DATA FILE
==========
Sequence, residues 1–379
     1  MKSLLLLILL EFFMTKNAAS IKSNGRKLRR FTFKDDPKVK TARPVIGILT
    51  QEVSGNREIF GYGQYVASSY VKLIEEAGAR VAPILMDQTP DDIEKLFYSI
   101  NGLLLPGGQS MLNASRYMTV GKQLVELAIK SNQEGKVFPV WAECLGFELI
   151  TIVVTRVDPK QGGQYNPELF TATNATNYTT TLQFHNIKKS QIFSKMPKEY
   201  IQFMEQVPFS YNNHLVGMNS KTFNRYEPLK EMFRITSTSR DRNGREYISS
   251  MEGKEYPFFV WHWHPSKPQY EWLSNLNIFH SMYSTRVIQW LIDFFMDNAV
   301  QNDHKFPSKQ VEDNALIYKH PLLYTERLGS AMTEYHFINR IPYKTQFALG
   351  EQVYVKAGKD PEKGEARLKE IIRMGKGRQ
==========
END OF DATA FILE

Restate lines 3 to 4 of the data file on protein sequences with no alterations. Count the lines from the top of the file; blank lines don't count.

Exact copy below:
    51  QEVSGNREIF GYGQYVASSY VKLIEEAGAR VAPILMDQTP DDIEKLFYSI
   101  NGLLLPGGQS MLNASRYMTV GKQLVELAIK SNQEGKVFPV WAECLGFELI